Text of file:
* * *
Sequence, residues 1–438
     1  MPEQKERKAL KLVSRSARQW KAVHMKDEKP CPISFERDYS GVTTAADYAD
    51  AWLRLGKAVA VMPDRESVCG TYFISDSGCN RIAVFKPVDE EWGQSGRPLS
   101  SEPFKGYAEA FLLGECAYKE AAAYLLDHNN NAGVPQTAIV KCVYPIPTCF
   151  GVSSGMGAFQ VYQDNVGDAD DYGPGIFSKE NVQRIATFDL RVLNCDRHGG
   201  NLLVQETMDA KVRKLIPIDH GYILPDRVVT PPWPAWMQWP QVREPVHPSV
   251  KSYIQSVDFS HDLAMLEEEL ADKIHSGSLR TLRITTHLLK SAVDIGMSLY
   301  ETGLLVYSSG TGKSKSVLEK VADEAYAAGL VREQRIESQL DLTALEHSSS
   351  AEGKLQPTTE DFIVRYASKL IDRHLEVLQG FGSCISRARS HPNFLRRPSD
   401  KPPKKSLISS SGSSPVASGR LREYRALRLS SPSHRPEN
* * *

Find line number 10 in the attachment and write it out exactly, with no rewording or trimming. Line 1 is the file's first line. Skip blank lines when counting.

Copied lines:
   401  KPPKKSLISS SGSSPVASGR LREYRALRLS SPSHRPEN